The structure of the physical system is mirrored in the PI. For each Resource-agent one place exists where the agent resides. Located at the same place there are the Workpiece-agents representing workpieces in the zone of the Resource-agent. Direct interactions only take place among agents located at the same place.

Whereas the Resource-agents are stationary in the PI, the Workpiece-agents move from place to place. They follow the physical transport of their respective workpiece through the manufacturing system. A movement of a Workpiece-agent is triggered by a notification that the workpiece has been passed on into the next zone. The notification comes from the local Resource-agent.


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Figure 4.5. The Activities of a Workpiece-agent Trigger Resource-agents

Only zones of Switch-agents have more than one exit. Hence, routing decisions are taken only at the place of a Switch-agent. A routing decision is taken by a Workpiece-agent and then executed by a Switch-agent taking the workpiece to the selected exit. The exit is chosen on the basis of the current processing state of the workpiece, the process plan of the product, and the local flow fields of PA pheromones.

The global routing behavior emerging from these local decision processes takes the late commitment approach to the extreme. Workpiece-agents never actually commit to a processing resource. With every routing step they just reduce their options to those offered by one of the available local directions. The routing mechanism is always open to resources coming on-line or going off-line.

Figure 4.5 illustrates how the behavior of the Workpiece-agent and the transport of its workpiece trigger the activities of the Switch-agent and the Processing-agent. The processes on shaded background are the ones run by Resource-agents. A Workpiece-agent and Resource-agents synchronize in the handling of the workpiece, dynamically creating two-agent teams to fulfill the arising transport and processing tasks.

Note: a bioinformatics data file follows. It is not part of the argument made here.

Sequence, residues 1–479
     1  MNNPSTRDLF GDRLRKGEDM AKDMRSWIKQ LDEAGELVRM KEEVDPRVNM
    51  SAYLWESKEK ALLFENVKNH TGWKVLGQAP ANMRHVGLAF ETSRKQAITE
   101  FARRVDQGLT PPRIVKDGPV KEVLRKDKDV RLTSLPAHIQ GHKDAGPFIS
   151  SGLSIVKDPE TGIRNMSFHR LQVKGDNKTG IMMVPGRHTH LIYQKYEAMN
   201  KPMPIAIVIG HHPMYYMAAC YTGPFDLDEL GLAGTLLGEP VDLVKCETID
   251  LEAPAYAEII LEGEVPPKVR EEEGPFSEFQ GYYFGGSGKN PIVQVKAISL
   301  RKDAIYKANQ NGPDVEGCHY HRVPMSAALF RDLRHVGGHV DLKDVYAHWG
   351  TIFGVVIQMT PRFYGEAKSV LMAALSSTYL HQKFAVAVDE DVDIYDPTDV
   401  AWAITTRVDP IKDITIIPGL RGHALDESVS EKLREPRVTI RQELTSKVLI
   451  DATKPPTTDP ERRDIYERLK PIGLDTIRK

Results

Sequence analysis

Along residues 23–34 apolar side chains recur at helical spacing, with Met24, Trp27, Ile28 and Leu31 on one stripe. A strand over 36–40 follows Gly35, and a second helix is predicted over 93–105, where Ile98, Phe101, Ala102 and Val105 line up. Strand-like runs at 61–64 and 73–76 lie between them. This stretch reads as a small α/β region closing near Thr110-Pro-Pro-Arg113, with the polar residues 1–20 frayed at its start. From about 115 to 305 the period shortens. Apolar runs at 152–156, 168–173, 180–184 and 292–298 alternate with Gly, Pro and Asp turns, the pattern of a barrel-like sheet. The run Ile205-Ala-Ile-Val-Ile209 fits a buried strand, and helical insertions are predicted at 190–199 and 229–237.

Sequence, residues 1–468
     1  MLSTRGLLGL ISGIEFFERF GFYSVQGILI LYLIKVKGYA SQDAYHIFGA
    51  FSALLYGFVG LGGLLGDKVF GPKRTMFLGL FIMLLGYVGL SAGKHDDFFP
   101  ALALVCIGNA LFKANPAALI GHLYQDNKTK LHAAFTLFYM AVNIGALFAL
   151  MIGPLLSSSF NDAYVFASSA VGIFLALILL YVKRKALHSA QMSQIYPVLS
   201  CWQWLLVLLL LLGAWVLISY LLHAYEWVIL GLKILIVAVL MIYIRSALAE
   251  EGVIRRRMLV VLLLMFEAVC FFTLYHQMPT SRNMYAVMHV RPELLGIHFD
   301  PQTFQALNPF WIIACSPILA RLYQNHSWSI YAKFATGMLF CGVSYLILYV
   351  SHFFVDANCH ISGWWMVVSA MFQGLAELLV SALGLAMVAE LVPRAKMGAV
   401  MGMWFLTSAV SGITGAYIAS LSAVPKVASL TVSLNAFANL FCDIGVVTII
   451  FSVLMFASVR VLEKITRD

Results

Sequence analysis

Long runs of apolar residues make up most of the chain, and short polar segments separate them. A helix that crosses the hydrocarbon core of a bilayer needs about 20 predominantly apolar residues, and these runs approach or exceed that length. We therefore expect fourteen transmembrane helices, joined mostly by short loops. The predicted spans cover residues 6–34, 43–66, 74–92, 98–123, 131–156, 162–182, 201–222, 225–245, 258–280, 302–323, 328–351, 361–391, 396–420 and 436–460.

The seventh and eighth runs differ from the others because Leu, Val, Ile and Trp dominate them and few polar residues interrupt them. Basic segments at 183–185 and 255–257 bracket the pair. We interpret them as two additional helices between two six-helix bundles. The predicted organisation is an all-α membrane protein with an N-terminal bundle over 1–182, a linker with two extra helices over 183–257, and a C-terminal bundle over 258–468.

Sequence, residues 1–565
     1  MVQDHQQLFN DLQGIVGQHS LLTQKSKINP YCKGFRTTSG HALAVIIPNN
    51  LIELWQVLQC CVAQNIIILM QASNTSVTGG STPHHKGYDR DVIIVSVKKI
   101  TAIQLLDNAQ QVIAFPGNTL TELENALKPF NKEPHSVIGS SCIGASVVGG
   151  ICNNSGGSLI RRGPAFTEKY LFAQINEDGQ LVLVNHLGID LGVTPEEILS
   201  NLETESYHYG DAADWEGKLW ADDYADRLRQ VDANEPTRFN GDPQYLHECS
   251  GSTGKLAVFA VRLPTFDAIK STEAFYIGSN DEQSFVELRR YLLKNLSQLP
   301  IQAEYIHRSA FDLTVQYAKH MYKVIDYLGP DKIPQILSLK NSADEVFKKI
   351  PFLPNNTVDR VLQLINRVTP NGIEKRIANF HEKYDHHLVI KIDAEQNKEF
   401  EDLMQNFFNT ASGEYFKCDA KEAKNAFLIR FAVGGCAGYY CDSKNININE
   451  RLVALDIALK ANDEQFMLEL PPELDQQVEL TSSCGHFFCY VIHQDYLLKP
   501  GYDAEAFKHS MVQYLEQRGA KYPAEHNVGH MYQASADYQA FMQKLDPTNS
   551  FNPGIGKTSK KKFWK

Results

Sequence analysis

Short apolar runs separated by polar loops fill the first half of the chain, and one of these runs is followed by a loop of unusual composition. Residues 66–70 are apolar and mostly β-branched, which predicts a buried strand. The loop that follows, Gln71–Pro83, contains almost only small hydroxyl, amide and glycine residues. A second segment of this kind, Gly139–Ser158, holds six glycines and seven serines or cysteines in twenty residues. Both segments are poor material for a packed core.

PA provides local information on the processing abilities of processing resources, separate for each downstream direction of a place. Each downstream direction corresponds to an exit of the respective zone in the manufacturing system. Selecting a downstream direction is equivalent to choosing an exit. When a workpiece has eventually passed an exit, the Workpiece-agent moves to the corresponding downstream neighbor. In Section 4.5.2 the emergence of spatial patterns in PA is discussed in the paint shop demonstration.

Evaporation of PA pheromones guarantees that a change in the availability of downstream processing resources eventually becomes known at the relevant places in a change of the local flow field. The dynamics of these changes and the constraints of the manufacturing system have to be taken into account when the evaporation parameter of PA and the refresh behavior of the Processing-agents and the Unloader-agents are tuned.